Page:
5 Killer Strategies for Using Social Media to Recruit Brand Ambassadors

Posted on December 16, 2011 
Filed Under Advertising, General, Internet Marketing, Social Media Marketing, Social Networking

Use Social Media to Recruit Brand AmbassadorsA brand ambassador is someone who’ll actively seek out others to help spread your brand. They’ll tell their friends, their co-workers and even their social media networks about you. Through a single brand ambassador, you could be exposed to as many as 500 people through tools like Facebook, Twitter and LinkedIn.

Brand ambassadors can’t be “hired.” They can only be earned. Great companies turn many of their customers into brand ambassadors.

When someone has a great experience at a company, they tell their friends. People want to share stories about great service. People also want their friends to experience great service. If you really create a satisfied customer, you’ll naturally create brand ambassadors who help spread your brand.

On the flip side are people who actively seek to hurt your brand. It rarely happens, because in general people want to help rather than hurt. In order for someone to want to actively hurt your brand, you’ll need to have really mistreated them or underperformed their expectations.

According to IBM, customers will usually give you as many as ten warning signs before turning against you.

So how do you cultivate brand ambassadors rather than brand haters? How do you create a fanatic fanbase of users that try to evangelize your product wherever they go? Make sure you follow these five guiding principles.

1. Consistency

In a survey of restaurant customers, people were asked questions about why they regularly ate at a certain venue. Was it the service? Was it the food? Was it the price? Was it the location? Be consistent

When the results came in, researchers were surprised to find that the #1 thing customers looked for was consistency.

They wanted to know that they could go to a certain restaurant and have a certain experience. They knew what kind of service they’d get, what they’d have to pay and what kind of food they can expect.

Consistency is very important to customers. If you want to cultivate a long-term customer, it’s tantamount that they know what they can expect from you. Be consistent.

2. Be Product Centered

Be Product CenteredWhat is it that separates your brand from other people?

In the short run, marketing, branding, outreach and other such techniques can mask poor products. However, in the long run, the success or failure of a company really comes down to whether one product is better than the other.

Take the example of Google. Before Google, there was Yahoo, AltaVista and a number of other search engines. After Google, there were dozens of search engines to start as well.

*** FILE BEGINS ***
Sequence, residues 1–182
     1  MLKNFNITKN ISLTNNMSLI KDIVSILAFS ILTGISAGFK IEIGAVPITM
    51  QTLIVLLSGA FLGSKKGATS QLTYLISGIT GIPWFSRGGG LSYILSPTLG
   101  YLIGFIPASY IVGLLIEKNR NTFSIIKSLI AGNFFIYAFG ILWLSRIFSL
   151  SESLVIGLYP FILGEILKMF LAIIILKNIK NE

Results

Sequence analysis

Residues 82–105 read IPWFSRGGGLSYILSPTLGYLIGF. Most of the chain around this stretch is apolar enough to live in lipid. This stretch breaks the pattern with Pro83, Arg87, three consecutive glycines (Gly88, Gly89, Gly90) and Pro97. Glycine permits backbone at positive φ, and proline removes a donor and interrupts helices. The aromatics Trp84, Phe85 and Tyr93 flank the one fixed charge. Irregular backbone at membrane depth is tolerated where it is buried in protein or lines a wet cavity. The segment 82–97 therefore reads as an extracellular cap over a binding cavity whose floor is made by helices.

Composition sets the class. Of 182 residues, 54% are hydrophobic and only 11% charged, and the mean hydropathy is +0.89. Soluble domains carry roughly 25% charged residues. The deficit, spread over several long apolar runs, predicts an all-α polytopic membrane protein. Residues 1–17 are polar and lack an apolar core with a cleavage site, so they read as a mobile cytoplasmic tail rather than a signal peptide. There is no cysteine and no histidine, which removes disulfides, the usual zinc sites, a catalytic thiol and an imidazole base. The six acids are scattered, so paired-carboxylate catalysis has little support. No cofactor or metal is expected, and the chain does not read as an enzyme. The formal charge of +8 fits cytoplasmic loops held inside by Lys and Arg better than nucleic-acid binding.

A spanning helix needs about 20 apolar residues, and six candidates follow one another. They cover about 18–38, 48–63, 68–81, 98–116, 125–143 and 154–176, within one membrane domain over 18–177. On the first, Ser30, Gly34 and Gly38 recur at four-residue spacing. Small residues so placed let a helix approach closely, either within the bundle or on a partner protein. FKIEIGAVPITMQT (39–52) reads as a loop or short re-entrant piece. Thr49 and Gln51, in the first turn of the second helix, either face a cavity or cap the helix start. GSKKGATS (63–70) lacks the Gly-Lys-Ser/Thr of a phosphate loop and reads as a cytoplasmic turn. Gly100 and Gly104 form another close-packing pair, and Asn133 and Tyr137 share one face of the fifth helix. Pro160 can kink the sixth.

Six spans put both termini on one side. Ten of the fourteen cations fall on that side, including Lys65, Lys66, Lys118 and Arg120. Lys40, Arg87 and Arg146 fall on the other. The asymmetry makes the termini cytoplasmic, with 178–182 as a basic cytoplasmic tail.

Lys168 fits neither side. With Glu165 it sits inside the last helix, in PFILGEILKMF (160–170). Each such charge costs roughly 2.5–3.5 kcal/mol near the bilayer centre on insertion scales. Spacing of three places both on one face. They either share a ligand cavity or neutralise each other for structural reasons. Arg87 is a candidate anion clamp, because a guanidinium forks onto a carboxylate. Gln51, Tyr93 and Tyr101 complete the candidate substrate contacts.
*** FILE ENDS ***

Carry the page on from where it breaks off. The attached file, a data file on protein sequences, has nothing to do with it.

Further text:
Google had no marketing budget. They only had word of mouth. For a long time, they lagged behind their competitors. But slowly and surely, they gained market share, for one simple reason: Their product was better.

In the short run, it might seem like being product centered doesn’t pay. However, in the long run, creating a top notch product is what will put your company on the map.

3. Cultivate Human Connections

Human connection is one of the most valuable and rare commodities in business today. Many brands have simply turned into processes, programs and systems that nobody can really interact with. Cultivate Human Connections

People crave human connection. If people connect with one person from your store or have a stellar experience with someone from customer service, they’ll remember that interaction for life.

Take the example of Starbucks. Whether you love or hate their coffee, it’s undeniable that they’ve created a hugely successful company.

But, according to Howard Shultz, CEO of Starbucks, what keeps people coming back isn’t just the coffee. It’s the people. People come back for the connection with the baristas. The customers to come back regularly get to know them by name, the baristas learn about their kids, and so on.

It’s not the coffee, it’s the human connection. Try to cultivate it in your company.

4. Respond Quickly

Respond QuicklyCustomers hate waiting. In fact, fear of having to wait is a big reason that people don’t buy products online and instead go to a store. It’s why people would rather experience discomfort in their lives than spend 20 minutes on hold.

If you can speed up the processes, all else being equal, customers will flock to your brand. Dominos Pizza took advantage of this with their “30 minutes to your door or it’s free” ad campaign.

5. Give Them Something to Talk About

Even if people love your brand, if you don’t give them something to talk about, you’re not going to get much buzz.

Two good examples of this are Toshiba and Apple. Give Them Something to Talk About

Toshiba makes stellar laptops. There are some absolutely die-hard Toshiba fans out there who’ll buy nothing but Toshiba laptops. But we seldom hear about Toshiba, simply because there’s not much to talk about. They make good laptops – That’s all.

Apple, on the other hand, is a professional at creating sensational things to talk about. Their product launches are masterpieces in showmanship. Every year, they launch a new product that gets their fans buzzing. They create commercials and online communities to make their products shine even more.

If you want people to talk about you, give them something to talk about.

These are the five tenants of creating brand ambassadors. Follow them, and your customers will talk about your product and spread the word without you having to lift a finger.

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